Less than a week after its last overnight closing, the Rumson-Sea Bright Bridge will again be closed overnight tonight from 8 p.m. to 6 a.m. Thursday, according to signage posted this morning. (Photo by Trish Russoniello. Click to enlarge)
Monmouth County Bridge S-32, better known as a the Rumson-Sea Bright Bridge, will be closed overnight from 8 p.m. Thursday to 6 a.m. Friday for regular maintenance to the center bascule, Monmouth County officials announced Wednesday.
Detours will be posted, as the span will be closed to vehicular and pedestrian traffic. (Photo by Trish Russoniello. Click to enlarge)
Acquired by the borough after Hurricane Sandy left the Anchorage Apartments uninhabitable in 2012, the now-vacant site may be eligible for grant money. But first, borough officials are asking for public input: should it be developed, along the lines of the concept shown above? Planted with grass and left at that?
A public discussion of the matter has been scheduled for Tuesday, March 15 at 6 p.m. at borough hall. The regular council meeting will follow at 7 p.m. (Photo by John T. Ward. Click to enlarge)
Sea Bright’s Anchorage Apartments, left uninhabitable by the converging waters of the Atlantic Ocean and Shrewsbury River in Hurricane Sandy, were demolished Saturday. Using Green Acres funding, the state plans to buy the complex, at the anchorage of the Rumson-Sea Bright Bridge, and turn it into a 1.2-acre park. At right: during the October, 2012 hurricane, a utility pole became lodged in one of the first-floor units. (Photo above by Kenny Katzgrau. Click to enlarge)
By JOHN T. WARD
But one of the tradeoffs in visiting the Anchorage Beach – reliance on porta-potties for bathroom service – is finally about to end, at a steep cost.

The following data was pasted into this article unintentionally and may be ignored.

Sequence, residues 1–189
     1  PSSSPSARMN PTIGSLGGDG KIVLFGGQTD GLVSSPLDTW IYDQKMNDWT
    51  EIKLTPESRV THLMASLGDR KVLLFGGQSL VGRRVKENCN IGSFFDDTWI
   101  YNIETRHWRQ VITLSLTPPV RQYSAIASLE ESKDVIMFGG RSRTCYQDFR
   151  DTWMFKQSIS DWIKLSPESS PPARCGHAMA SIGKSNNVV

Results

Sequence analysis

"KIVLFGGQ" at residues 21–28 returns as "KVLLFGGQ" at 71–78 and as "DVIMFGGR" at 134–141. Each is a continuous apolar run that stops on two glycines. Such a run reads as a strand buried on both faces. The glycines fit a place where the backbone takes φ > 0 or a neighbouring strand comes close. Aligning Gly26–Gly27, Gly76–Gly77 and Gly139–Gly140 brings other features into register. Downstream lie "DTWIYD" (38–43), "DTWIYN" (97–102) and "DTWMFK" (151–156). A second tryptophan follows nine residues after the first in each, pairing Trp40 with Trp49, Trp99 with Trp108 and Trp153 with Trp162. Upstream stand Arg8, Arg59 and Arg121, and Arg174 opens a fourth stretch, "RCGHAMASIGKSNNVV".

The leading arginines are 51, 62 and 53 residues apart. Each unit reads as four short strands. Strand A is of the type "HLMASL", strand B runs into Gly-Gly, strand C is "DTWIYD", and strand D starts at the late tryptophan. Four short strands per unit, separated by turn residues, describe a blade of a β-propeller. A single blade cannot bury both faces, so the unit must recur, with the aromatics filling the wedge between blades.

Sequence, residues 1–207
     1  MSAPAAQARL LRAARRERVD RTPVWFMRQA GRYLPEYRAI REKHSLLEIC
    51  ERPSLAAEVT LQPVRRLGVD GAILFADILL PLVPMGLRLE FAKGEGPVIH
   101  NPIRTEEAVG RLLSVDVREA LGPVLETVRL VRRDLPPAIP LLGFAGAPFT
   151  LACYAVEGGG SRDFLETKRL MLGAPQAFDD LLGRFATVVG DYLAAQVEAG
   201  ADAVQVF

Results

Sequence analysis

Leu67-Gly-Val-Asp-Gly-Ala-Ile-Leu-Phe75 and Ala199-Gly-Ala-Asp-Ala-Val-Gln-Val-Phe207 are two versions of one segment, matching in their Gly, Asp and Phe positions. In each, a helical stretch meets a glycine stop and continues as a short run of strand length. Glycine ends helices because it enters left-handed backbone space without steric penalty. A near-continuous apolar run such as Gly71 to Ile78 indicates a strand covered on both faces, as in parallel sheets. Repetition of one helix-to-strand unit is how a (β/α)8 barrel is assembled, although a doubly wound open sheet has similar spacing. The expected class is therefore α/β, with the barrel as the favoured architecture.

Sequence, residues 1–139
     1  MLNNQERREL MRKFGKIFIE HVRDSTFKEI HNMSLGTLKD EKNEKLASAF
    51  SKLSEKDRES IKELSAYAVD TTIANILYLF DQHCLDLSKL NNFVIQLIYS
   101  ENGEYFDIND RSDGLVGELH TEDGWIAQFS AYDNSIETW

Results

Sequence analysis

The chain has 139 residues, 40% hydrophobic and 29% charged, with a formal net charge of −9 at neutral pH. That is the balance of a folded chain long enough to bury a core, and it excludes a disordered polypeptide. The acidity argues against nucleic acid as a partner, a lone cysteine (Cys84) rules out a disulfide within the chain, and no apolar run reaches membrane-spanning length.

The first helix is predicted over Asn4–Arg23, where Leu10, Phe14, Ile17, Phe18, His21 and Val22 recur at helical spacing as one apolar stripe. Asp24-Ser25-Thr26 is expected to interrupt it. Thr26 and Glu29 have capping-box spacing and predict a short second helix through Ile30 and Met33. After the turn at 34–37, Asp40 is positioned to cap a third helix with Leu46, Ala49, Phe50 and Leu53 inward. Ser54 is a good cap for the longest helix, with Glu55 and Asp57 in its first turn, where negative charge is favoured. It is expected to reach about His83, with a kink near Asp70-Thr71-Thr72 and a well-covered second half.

By SARAH KLEPNER
Sea Bright’s borough council voted Thursday night to work with the state Department of Environmental Protection on turning the Anchorage Apartments into open space after a group volunteered to make up for the town’s lost tax revenue.
The council made clear, though, that it would not support any parking on the property, which is located across Ocean Avenue from an ocean beach owned by the state and maintained by the borough. The governing body also insisted local control in its resolution of support, which is non-binding on the state.
By WIL FULTON
Sea Bright officials last week shot down a proposal to level a hurricane-ravaged apartment complex for a park after borough residents objected.
At issue was a resolution that that would give the state Department of Environmental Protection the boroughs support in its proposal to acquire the property at 960 Ocean Avenue the Anchorage Apartment building under the Green Acres program for an area of “high-public use” most likely, a park.
But despite the promise of greener pastures replacing an uninhabitable structure, residents turned out at last Tuesday night’s council meeting to blast the idea.
The storm-wracked Anchorage Apartments complex in Sea Bright would become a beach parking lot under a plan being considered by state officials, the Star-Ledger reported Tuesday morning.
Located on Ocean Avenue at the foot of the Route 520 Rumson-Sea Bright Bridge and mere feet from the Shrewsbury River, the single-building complex is seen as a partial solution to a parking shortage that has vexed efforts to open up North Beach oceanfront to visitors.
Razing the property would come at a tradeoff for the town: the loss of a $45,000-a-year tax ratable. But Mayor Dina Long tells the Sledger that’s alright.
With temperatures zooming into the high 70s for the first time in 2013, a dozen or so sunbathers were out on the sand at Anchorage Beach in storm-recovering Sea Bright Tuesday. Among them: Patti Hensler of Greensboro, North Carolina, and her sister, Maryjane Cuje, foreground, of Rumson, who declared the day “perfect.” (Click to enlarge)
By WIL FULTON
The proposed span, a drawbridge like the existing 62-year-old structure, would follow a path about 30 feet south of the current bridge, resulting in the demolition of a building that’s home to a Dunkin’ Donuts and a vacant filling station on Ocean Avenue.
4:31 p.m.: Amelia Liberatore, Sarah Pyne and Vanessa Romano, all of Middletown, head home after six hours at the Anchorage beach in Sea Bright. They stayed in the water most of that time after finding tanning in the mid-90-degree heat uncomfortable to the point of pain.
“It’s annoying once you stay too long,” Romano said. “But I thought it was a good beach day because the water was warm. It was so refreshing, but without the water, it would’ve been bad.” (Photo by Danielle Tepper. Click to enlarge)